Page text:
- Aqualyx injections liquefy fat which is then eliminated when you urinate
- Clinic claim absorbed fat cells DO NOT return and there’s no downtime
- Critics say it could spell danger for cholesterol if fat turns to salt in blood
In the quest to make us slimmer without lifting a finger, an injection has been invented letting us literally pee out our fat.
A water solution is injected into stubborn areas around the body, breaking down excess fat cells, allowing us to absorb them into our bloodstream – and then wee them out.
The new treatment, dubbed Aqualyx, claims to be an effective alternative to liposuction.
It contains plant polymers, which binds with the cell walls of the fat tissue before rupturing and releasing the fat to be dissolved.
The formula liquefies the fat cell which is then eliminated when you urinate over a three-week period.
Makers say the solution completely destroys the fat cells so they can’t grow back.
It can be used on your thighs, stomach, knees, chin, buttocks, stomach, back and even your neck.
Describing its new treatment, Mills Medical Service say it ‘gives you the body you’ve always dreamed of without fearing the fat will return’.
The treatment, which claims to be the only registered fat removal injection on the market, says it has no downtime (other than slight bruising and swelling for 48 hours).
‘Aqualyx isn’t an injection for weight loss; it is used for contouring the body and slimming down those stubborn fat areas. Combined with a healthy diet and exercise, the fat won’t grow back either.’ say the brand.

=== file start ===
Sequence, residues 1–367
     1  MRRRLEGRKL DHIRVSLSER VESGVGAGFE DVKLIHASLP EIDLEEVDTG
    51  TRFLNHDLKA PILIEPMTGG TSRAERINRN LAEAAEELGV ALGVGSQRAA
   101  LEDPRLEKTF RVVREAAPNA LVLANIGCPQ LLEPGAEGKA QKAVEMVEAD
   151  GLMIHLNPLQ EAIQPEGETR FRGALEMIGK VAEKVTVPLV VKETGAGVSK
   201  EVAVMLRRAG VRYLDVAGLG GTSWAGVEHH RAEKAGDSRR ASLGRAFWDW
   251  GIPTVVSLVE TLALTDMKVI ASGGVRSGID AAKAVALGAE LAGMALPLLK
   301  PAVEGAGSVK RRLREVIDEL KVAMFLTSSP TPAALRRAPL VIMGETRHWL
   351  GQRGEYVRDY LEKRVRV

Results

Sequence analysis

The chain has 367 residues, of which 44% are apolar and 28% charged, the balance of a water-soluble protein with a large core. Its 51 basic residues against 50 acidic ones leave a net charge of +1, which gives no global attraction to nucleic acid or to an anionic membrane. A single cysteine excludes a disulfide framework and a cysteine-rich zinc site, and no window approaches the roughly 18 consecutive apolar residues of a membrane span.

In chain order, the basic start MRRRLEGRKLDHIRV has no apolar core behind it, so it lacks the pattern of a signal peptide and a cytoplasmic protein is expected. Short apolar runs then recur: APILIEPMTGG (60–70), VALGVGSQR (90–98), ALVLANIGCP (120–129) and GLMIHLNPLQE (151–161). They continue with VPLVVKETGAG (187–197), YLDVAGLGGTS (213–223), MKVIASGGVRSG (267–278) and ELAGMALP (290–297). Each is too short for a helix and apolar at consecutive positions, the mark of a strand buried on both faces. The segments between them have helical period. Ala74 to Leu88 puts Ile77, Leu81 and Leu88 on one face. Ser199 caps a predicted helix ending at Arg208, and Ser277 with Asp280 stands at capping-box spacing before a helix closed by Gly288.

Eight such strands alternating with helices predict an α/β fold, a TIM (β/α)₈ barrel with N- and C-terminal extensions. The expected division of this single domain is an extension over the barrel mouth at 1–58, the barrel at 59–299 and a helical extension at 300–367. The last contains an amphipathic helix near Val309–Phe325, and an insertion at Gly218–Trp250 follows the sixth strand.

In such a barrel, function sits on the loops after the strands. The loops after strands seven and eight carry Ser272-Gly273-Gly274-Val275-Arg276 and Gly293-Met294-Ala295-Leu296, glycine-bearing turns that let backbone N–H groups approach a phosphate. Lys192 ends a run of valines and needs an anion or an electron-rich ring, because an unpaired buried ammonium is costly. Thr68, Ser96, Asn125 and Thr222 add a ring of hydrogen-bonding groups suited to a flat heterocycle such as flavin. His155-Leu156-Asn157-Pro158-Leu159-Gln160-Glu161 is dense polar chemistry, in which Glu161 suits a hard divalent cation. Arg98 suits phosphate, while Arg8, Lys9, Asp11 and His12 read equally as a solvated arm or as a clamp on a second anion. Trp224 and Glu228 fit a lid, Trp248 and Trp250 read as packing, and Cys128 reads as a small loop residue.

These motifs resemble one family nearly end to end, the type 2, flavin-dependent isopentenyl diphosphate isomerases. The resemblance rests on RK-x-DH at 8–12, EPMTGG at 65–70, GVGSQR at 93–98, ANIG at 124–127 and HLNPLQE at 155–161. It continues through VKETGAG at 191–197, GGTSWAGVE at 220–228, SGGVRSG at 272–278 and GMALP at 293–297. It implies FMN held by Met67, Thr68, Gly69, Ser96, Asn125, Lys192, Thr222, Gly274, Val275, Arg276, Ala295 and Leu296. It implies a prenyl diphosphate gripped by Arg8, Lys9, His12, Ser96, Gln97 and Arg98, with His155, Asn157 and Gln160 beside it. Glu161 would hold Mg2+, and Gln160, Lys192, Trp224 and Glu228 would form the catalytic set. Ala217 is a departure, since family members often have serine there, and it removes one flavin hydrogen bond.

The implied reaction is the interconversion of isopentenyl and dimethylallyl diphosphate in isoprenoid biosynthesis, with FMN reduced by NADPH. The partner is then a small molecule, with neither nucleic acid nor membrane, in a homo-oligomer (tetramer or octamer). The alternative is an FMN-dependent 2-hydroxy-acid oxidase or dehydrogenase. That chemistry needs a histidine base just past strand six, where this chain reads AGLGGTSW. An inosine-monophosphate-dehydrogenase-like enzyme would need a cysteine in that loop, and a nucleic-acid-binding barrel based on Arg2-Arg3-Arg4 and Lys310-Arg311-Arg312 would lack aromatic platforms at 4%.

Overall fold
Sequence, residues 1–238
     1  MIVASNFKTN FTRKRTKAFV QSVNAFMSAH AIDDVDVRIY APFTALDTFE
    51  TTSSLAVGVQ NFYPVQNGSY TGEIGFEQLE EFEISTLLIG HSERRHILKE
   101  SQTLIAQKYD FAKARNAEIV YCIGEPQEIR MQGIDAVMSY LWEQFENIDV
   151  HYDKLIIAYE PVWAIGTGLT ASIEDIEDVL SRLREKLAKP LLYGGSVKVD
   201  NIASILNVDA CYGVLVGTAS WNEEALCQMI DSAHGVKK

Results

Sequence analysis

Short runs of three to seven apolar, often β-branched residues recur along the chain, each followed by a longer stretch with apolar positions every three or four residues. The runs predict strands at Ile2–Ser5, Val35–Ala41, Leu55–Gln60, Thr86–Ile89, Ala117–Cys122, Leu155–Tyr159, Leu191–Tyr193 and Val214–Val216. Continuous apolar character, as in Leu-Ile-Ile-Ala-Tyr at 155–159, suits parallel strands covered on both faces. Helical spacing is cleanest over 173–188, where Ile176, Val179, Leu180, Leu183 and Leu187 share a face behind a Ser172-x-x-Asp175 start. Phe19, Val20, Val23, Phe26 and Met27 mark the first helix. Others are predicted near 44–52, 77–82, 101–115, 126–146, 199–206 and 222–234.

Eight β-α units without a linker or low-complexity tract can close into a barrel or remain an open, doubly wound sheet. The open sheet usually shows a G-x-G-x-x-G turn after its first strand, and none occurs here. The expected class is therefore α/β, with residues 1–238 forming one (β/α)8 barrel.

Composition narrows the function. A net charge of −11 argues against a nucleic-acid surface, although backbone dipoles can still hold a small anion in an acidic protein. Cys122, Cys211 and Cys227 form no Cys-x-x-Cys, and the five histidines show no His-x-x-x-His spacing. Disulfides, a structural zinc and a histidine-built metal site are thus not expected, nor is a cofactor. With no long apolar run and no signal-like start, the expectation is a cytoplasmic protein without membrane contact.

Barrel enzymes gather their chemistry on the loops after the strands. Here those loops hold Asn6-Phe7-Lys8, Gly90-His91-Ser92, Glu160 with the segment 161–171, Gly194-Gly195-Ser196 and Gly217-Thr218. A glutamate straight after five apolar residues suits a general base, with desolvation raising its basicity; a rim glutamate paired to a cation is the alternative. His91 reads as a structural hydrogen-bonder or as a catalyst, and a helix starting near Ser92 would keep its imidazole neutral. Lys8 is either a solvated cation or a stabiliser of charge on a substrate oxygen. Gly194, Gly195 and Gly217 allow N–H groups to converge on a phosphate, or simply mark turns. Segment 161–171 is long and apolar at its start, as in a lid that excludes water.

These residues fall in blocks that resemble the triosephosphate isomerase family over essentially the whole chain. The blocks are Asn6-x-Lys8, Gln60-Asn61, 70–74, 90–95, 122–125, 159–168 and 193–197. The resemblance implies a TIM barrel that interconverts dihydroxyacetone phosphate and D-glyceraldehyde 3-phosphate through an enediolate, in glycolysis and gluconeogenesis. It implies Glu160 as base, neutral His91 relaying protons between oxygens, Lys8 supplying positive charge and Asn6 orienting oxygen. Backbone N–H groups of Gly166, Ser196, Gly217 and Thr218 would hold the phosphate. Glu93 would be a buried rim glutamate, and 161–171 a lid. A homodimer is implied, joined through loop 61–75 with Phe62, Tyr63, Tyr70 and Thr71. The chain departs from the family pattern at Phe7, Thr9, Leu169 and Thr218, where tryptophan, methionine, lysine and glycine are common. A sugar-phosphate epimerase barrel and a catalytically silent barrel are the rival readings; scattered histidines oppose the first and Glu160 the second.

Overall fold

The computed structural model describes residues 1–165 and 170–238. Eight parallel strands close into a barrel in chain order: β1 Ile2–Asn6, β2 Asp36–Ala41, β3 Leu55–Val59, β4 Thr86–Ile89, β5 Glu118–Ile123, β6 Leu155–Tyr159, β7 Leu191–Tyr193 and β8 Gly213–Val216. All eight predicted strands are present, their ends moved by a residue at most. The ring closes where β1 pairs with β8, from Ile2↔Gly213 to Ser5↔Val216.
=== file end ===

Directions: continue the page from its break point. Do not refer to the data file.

One session costs £250, which Mills Medical say is all that’s needed for the chin area, while the tummy may need a few more treatments.
But is it all too good to be true – can it really be effective and safe?
Dr Arun Ghosh, from the private Spire Hospital in Liverpool says the injections could pose a health risk.
He told the Daily Star: ‘It’s dangerous to re-absorb fatty acids into your bloodstream because if it’s dissolved down into salt it would send cholesterol levels sky high.’
Dr Yannis Alexandrides, MD of 111 Harley Street, said: ‘I don’t use fat removal injectable in my clinic and certainly have no plans to until there is further research and trials published.
‘It’s always important that prospective patients thoroughly research treatments before they book, and these injectables are very new to the market with little evidence of their efficacy other than that produced by the manufacturer.
‘While the cost is certainly affordable and attractive, those thinking of having the procedure must look at alternatives available that have proven results and existing patient testimonials.
‘Also, prospective patients must undergo a full consultation to determine the right procedure for their concern.’
Before and after: Sarah, 42, from Sheffield had a £250 Aqualyx injection and slimmed down